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10 Wild Stories About Movies That Started Filming But Never Came Out

Did you know they made half a sequel to 10 Things I Hate About You?

1. A remake of the '80s comedy Revenge of the Nerds that filmed (briefly) in 2006.

Michael Loccisano / Getty Images, Neilson Barnard / Getty Images

Fox Atomic was two weeks into filming the remake with Adam Brody, Jenna Dewan, and Kristin Cavallari when they pulled the plug. Why? Well, it seems two things went wrong — Georgia's Emory University rescinded their agreement to let the production film on campus after reading the script, and film dailies weren't impressing Fox Atomic executives.

2. 10 Things I Hate About Life, a follow-up to the 1999 hit 10 Things I Hate About You starring Julia Stiles and Heath Ledger.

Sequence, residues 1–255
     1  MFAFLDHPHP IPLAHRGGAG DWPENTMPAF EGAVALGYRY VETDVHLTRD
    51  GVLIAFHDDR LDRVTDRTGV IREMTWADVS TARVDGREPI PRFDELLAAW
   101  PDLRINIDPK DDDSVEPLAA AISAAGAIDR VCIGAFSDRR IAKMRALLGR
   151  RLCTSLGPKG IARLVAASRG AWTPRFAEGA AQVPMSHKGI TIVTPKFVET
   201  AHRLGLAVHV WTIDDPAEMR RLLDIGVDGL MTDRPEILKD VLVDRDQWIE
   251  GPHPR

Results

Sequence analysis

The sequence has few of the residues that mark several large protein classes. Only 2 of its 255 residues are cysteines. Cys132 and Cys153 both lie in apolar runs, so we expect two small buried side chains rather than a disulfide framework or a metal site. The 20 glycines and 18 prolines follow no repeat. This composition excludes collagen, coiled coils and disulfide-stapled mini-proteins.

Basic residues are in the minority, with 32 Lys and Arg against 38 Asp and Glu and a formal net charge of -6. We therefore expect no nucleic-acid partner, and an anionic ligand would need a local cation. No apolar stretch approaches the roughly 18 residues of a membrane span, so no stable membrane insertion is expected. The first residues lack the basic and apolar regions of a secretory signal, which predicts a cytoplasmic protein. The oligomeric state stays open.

Vision Films

More than a decade after 10 Things I Hate About You, the film’s director, Gil Junger, and one of its producers, Andrew Lazar, set out to make a sequel of sorts. It didn’t feature any of the original film's characters, but would advance situations from the original as it told the story of two suicidal people who fall in love. Huh.

They started filming in December 2012 with Evan Rachel Wood, Hayley Atwell, and Billy Campbell, but stopped a month later either because A) the film company parted ways with its president and was having trouble making payments, or B) Evan Rachel Wood left the film due to her pregnancy.

At one point, they hoped to start filming again — and even released a promo trailer — but it never happened. The film company sued Wood, who pushed back with her lawyers, but it appears the litigation fizzled out. The film remains unfinished.

3. Divine Rapture, a film about miracles in a small 1950s Irish community starring Johnny Depp, Marlon Brando, and Debra Winger.


In the summer of 1995, the production rolled into Ballycotton, Ireland, and locals were hopeful it'd bring money into the community. Unfortunately, two weeks into filming, checks started bouncing, and CineFin, the financiers who claimed to have access to $300 million, turned out to have a nonexistent escrow account. Filming abruptly halted with just 24 minutes in the can, and the locals never got paid.